“Something quite extreme would have to happen for us to not go.

“We have seen an increase in student interest in physics and other engineering related subjects in Years 11 and 12 since our involvement with the challenge. It is a brilliantly organised event at all stages of the competition by both volunteer groups and sponsors.”

The annual Science and Engineering Challenge runs in every Australian state and territory. In 2014 more than 22,000 students participated nationally.

It is now a regular part of the school year and is highly valued by science and technology teachers.

University of Southern Queensland runs the challenge in conjunction with the University of Newcastle’s Faculty of Science and Information Technology, and Faculty of Engineering and Built Environment.

The Department of Industry (DOI) provides core funding for the challenge.


Photo:  Riverside Christian College students arrive at the Hervey Bay PCYC for the regional USQ Fraser Coast Science and Engineering Challenge in May.

Dr Alexander Kist

Dr Alexander Kist wins national award with SPIDER

UNIVERSITY of Southern Queensland’s Dr Alexander Kist has been honoured with a prestigious award for his work developing an online tool that enhances learning experiences for external engineering students.

Dr Kist was awarded the 2014 Australian Council of Engineering Deans Award for Engineering Education Excellence last week at the Australasian Association for Engineering Education Conference in New Zealand.

“I’m quite excited to receive this award,” Dr Kist said.

“Some excellent people have won it in the past so to be recognised alongside them is quite exciting.”

The $5000 prize was awarded for excellence in learning outcomes via degree programs or other significant initiatives that have produced outstanding and enduring outcomes.

Dr Kist said when he joined USQ Toowoomba in 2006 he found about 80 percent of his students were studying externally from throughout Australia and overseas.

“This posed challenges for teaching in terms of finding ways to provide continuing feedback, creating a sense of community and ensuring the development of transferable skills such as communication and critical evaluation skills,” Dr Kist said.

“Therefore, I embarked on a journey to create an online learning tool called Select, Prepare and Investigate, Discuss, Evaluate and Reflect (SPIDER) to provide equitable learning opportunities for external engineering students.

“SPIDER is based on a learning activity and assessment strategy, which incorporates many of the key activities associated with student seminars and workshops.

“The tool’s main features include its ability to manage seminars and technical topic selection, content preparation, capacity for students to perform investigative and background research, discussions, peer evaluation, and reflection.

“SPIDER has evolved into a comprehensive learning activity rather than a simple assessment task in which student activities are constructively aligned and students are allowed to practice generic skills and build domain knowledge independent of their study mode.”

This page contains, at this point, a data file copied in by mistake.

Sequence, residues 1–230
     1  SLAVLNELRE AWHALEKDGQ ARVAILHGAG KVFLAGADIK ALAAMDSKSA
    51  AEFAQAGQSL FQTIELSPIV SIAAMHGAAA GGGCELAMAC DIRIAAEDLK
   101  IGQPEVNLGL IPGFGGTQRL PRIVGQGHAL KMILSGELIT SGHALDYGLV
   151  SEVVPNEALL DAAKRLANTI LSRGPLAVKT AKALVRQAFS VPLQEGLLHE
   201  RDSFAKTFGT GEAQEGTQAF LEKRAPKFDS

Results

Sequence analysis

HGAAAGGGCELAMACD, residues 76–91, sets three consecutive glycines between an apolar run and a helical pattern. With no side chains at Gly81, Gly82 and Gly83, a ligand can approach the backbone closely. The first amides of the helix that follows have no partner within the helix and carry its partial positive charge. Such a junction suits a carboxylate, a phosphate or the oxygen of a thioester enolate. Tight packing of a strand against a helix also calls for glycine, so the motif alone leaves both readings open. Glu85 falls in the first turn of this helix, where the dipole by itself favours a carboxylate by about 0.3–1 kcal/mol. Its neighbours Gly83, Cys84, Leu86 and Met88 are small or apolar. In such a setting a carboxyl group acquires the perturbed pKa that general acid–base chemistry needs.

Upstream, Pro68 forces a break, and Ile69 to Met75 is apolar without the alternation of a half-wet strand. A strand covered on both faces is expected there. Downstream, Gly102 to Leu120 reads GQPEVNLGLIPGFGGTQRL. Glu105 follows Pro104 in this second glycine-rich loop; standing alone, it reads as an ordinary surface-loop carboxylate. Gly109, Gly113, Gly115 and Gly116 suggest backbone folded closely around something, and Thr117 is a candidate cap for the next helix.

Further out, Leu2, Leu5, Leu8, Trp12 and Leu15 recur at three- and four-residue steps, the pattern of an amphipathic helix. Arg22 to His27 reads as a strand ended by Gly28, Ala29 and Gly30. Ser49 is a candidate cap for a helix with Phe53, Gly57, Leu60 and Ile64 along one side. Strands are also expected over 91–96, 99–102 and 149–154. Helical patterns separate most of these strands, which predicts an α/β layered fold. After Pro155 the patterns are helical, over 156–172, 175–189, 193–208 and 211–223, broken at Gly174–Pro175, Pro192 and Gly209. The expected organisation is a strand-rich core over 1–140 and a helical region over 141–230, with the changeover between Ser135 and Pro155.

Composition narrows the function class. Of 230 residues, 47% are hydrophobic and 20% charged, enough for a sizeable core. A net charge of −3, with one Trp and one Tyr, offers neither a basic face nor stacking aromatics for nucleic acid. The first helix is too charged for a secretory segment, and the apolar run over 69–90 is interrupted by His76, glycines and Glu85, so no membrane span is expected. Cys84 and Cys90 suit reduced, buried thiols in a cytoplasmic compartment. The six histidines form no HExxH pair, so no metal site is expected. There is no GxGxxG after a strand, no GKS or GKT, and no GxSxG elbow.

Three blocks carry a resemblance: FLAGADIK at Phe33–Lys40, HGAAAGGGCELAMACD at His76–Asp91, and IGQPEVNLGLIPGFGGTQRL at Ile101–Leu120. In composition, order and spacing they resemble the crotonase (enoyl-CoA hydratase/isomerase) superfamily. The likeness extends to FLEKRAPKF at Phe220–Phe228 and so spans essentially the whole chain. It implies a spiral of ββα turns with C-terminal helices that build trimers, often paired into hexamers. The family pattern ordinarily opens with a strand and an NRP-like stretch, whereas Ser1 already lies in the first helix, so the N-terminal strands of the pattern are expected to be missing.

Dr Kist said SPIDER has had a profound impact on the way students engaged with their course’s subject matter.

“Using my own evaluation instrument (Kist, 2010), I found that as a result of SPIDER, 82 percent of students believed they learned practical skills that will help in their workplace, 89 percent believed they were better equipped to write reports and 87 percent believed they would handle presentations better in the future.

“In addition, 90 percent of respondents indicated they enjoyed these activities while 80 percent wanted to see similar activities in other courses.

“This was particularly encouraging as 60 percent of the respondents were working full-time and 27.5 percent working part-time, had an average age of 30 and reported a considerable amount of work experience.”

Dr Kist said SPIDER had also fostered student development by stimulating curiosity and independence in learning by giving students the opportunity to research content independently and share their findings with peers.

“Evidence shows the SPIDER approach inspires and motivates students through high-level communication, presentation and interpersonal skills,” he said.

“Benefits include sustained higher student engagement and better student outcomes as evidenced by sustained positive student feedback and improved grades from external students.

“Data suggests SPIDER helps students learn skills that are relevant to their professional life and makes them more of an asset to industry.”

Dr Kist said some of his USQ colleagues were now adapting the tool for use in three additional courses.

“Just recently a professional practice course with 500 students used the tool to provide feedback as part of students’ final year project presentations.”

As well as last week’s award, Dr Kist’s work in developing SPIDER has also been recognised by USQ with the University’s Teaching Excellence Award in 2011, and nationally through an OLT Citation for Outstanding Contributions to Student Learning in 2013.


Photo by David Martinelli: Dr Alexander Kist, Senior Lecturer (Telecommunications), USQ School of Mechanical and Electrical Engineering.